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Some parents in Charlottesville eager to get children vaccinated

(FILE)
(FILE)(WVIR)
Published: Oct. 7, 2021 at 1:47 PM EDT
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CHARLOTTESVILLE, Va. (WVIR) -The COVID-19 vaccine for children ages 5 to 11 can’t come soon enough, according to some Charlottesville parents.

“When my son gets the shot, I’m going to excuse myself and have an ugly cry,” mother Gabrielle Nigmond said.

For Gabrielle’s 10-year-old son, Valentino, getting the COVID-19 vaccine is a priority.

“My son has reactive airway disease, which is kind of like the precursor to asthma,” Gabrielle said. “For those of us who have children that are immunocompromised, or sometimes become immunocompromised due to having to steroids and antibiotics to treat these things, it’s been a very scary almost-two years for us.”

The vaccine for this age group could come very soon, according to Doctor Bill Petri with UVA Health.

“This will probably play out, I would imagine, if everything goes smoothly before Thanksgiving,” Dr. Petri said.

Petri is encouraging parents to get their young children vaccinated once it’s approved. Pfizer has made a formal request to the FDA to grant emergency use authorization for its COVID-19 vaccine to children ages 5 to 11.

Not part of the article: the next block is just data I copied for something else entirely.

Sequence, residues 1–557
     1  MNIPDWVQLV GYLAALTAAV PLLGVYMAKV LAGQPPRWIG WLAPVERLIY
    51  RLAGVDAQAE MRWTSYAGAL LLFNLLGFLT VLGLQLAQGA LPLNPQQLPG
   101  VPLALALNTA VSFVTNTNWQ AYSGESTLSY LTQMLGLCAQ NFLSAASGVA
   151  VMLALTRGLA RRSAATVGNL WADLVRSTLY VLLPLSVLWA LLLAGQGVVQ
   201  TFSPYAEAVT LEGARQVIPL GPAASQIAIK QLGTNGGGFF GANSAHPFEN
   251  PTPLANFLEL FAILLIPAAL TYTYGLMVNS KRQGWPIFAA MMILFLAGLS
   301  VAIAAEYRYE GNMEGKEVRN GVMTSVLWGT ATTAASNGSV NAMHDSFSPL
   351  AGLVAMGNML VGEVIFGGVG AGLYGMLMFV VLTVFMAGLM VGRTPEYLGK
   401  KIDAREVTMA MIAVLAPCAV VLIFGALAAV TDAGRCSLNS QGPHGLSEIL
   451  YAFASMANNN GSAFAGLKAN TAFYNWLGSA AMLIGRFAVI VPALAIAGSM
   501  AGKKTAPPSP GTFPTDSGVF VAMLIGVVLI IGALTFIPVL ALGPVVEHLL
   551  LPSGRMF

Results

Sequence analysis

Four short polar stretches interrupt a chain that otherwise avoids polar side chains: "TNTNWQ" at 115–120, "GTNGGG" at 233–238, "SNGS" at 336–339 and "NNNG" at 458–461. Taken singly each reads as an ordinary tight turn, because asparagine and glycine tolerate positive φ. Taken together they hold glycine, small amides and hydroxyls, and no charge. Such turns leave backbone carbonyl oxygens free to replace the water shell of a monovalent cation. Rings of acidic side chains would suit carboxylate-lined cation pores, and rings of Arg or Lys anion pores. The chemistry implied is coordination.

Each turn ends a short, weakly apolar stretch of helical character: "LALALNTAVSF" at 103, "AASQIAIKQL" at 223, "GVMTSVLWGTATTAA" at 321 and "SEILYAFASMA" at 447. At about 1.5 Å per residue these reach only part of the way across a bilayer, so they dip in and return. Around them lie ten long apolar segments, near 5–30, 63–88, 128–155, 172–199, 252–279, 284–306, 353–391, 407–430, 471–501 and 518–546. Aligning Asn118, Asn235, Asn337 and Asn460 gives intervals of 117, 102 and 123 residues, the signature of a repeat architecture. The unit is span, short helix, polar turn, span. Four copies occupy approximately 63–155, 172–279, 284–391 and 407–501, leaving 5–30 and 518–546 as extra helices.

“Although the disease is much less severe, there’s still been 4,200 children in the U.S. who have been hospitalized, and sadly 500 children who have died in the U.S. from COVID-19,” Petri said. “You never want to see that with a vaccine-preventable illness and so the benefit of the vaccine far outweighs the risk, even in children that have less severe COVID-19.”

April Wang of Charlottesville says she’ll get her 7 and 10 year old children vaccinated once Pfizer’s shot is approved.

“My daughter has a history of developing severe croup with upper respiratory infections, that has landed her in the emergency room three times,” Wang said. “I am especially worried about her potentially catching COVID and being symptomatic and developing complications or having a severe case,” April said.

Gabrielle is urging others to rollup their sleeves to protect those who are vulnerable.

“Even if your child isn’t like mine, and doesn’t have times when they become immunocompromised, I’m just asking that you vaccinate them to help protect people, like my son, and to do what’s best for our community as a whole,” she said.

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